While on a lunch break one day, Geof snapped a photo of the roof of a nearby building. “After flipping the photo, it struck me that it looked like an envelope,” he explains. With that, the #roofline_envelope hashtag was born. “I came up with the tag and got stuck on the idea, posting two more that week. I’m now at 41 and counting.”

Since starting the series, Geof has watched it spread throughout the community and continue to pick up steam. As for where he wants to take it next, he says, “I’ve been wanting to create a special series based on endangered historic homes in Phoenix. I love the stories found in local architecture.”

Want to try out taking a #roofline_envelope of your own? Geof has some tips to share:

"Start with a gable wall—a flat wall under a pitched roof. Make sure there aren’t any wires or branches breaking the line of the roof. Take a second to position yourself dead center. When composing the shot, get linear elements from the roofline to perfectly meet the corners of the image." From there, rotate the image 180º and you’re ready to go!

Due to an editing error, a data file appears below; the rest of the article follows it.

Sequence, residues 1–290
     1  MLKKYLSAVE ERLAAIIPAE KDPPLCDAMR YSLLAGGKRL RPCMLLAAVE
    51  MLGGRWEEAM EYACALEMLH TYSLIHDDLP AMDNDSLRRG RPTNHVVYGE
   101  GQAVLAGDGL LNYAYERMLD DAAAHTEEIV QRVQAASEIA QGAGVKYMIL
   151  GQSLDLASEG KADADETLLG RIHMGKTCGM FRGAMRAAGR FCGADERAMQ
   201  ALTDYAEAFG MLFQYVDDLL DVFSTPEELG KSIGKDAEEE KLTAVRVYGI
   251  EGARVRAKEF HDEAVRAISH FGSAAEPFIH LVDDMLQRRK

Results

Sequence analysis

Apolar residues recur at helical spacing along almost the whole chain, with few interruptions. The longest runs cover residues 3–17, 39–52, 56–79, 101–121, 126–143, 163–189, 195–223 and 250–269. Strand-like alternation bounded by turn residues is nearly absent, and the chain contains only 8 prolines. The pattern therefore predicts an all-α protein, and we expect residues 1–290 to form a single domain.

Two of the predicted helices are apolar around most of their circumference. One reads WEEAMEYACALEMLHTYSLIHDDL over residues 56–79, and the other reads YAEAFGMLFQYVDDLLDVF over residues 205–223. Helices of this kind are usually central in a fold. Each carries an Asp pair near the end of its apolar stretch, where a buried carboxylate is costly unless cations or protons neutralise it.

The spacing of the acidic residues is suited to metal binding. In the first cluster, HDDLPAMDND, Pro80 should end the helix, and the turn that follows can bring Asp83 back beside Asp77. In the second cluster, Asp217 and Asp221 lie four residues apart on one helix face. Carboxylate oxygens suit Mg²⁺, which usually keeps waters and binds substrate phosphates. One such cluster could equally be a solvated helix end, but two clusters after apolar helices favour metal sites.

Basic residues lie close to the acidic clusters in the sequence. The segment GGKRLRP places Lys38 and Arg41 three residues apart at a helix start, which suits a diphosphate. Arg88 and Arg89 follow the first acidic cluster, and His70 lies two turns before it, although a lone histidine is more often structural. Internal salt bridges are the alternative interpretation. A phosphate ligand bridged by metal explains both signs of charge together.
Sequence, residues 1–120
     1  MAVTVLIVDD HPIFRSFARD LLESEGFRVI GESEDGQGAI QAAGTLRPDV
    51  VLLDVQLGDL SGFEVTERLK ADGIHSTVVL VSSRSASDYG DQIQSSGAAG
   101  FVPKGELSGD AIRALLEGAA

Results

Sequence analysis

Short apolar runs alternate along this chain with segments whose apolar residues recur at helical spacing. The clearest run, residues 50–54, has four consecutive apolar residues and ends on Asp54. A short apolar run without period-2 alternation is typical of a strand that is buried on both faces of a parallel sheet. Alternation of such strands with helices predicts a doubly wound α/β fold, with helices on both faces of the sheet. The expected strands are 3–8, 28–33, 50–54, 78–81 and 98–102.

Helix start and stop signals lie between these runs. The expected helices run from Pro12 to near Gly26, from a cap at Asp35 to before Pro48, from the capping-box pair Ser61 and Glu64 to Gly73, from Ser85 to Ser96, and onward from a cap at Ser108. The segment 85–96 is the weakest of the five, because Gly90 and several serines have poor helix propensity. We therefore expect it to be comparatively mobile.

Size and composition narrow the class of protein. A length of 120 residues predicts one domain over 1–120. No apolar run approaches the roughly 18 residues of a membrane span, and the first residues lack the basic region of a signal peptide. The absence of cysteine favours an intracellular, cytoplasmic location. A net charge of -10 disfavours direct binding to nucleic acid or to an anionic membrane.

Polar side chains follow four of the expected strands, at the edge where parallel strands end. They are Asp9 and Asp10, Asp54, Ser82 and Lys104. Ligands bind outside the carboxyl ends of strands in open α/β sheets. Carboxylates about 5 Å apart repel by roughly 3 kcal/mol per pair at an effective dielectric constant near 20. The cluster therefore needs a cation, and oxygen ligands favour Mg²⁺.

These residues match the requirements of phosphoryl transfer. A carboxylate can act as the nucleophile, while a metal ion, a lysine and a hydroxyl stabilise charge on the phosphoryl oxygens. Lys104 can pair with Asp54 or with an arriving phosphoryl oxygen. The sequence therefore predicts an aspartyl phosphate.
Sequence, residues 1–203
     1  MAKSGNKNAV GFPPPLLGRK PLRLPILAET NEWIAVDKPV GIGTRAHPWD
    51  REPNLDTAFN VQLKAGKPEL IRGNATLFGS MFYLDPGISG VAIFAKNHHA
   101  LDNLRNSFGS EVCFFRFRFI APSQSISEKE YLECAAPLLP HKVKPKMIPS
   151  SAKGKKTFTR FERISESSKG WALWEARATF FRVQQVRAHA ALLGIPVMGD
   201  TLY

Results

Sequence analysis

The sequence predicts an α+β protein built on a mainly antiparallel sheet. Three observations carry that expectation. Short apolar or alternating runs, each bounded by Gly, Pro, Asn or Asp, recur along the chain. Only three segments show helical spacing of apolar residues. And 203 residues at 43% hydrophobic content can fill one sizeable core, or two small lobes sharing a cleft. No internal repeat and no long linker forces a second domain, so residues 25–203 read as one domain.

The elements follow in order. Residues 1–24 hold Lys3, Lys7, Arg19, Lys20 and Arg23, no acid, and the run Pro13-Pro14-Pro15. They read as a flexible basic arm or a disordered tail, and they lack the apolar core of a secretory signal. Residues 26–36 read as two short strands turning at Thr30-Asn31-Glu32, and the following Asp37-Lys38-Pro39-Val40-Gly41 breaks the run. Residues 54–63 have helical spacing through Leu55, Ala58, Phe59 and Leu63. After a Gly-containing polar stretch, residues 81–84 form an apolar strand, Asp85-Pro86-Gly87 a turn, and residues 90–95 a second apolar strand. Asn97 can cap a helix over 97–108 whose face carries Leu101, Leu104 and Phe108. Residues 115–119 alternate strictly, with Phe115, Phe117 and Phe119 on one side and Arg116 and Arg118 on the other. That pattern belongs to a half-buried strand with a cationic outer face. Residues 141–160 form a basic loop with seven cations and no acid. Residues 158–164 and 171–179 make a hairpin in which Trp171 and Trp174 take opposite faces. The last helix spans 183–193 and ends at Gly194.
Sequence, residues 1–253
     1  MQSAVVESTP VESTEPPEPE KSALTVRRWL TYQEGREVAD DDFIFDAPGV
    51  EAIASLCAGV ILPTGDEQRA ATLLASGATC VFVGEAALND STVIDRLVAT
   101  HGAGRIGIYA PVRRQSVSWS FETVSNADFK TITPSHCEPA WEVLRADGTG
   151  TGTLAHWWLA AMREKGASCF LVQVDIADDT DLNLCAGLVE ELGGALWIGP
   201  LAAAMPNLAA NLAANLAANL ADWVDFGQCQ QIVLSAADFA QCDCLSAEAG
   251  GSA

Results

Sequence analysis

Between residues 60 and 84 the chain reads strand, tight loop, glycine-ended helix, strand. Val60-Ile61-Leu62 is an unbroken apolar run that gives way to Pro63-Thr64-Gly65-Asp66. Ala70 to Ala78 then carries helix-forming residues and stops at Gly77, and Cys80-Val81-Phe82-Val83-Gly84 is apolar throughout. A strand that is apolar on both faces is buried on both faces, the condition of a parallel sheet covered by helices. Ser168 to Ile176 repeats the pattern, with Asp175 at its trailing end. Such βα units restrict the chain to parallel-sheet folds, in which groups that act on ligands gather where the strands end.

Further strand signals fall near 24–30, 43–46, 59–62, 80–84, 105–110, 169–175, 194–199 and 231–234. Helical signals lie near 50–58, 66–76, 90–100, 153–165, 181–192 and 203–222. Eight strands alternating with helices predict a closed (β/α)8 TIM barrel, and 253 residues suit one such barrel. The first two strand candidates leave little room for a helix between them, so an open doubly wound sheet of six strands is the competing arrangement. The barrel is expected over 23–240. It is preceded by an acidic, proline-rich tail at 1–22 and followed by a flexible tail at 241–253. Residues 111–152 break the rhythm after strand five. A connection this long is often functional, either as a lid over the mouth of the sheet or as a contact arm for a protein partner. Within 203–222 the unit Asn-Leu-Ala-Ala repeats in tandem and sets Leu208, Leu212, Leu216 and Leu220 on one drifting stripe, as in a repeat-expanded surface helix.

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hashtag highlight, User Feature,

Hashtag Highlight: Protect your Melon #amelonaday

To see more photos of creative melon sightings, browse the #amelonaday hashtag and follow @digsapparel on Instagram.

When New York Instagrammer Maz McWilliams (@digsapparel) started documenting himself carrying a melon for 100 days to promote awareness for Traumatic Brain Injury (TBI), he did not expect it to grow into the collaborative movement it has since become.

"Everyone I know calls a melon slang for a person’s head. It has this hard exterior, a soft inside and it’s just this beautiful thing. To me, the melon is a relatable and powerful symbol for TBI awareness." When people started asking him questions about the project, he encouraged them to join in creating their own creative melon images, and the hashtag #amelonaday came to life.

This is a labor of love for Maz, who lost his brother Tim to complications from TBI in 2005. “My brother was 100% my hero, my idol. I get so emotionally overwhelmed working on this in his memory. My wife said, ‘Do you realize you’re looking your brother right in the eyes all this time and you don’t even know it?’ He is a part of everything that I do.”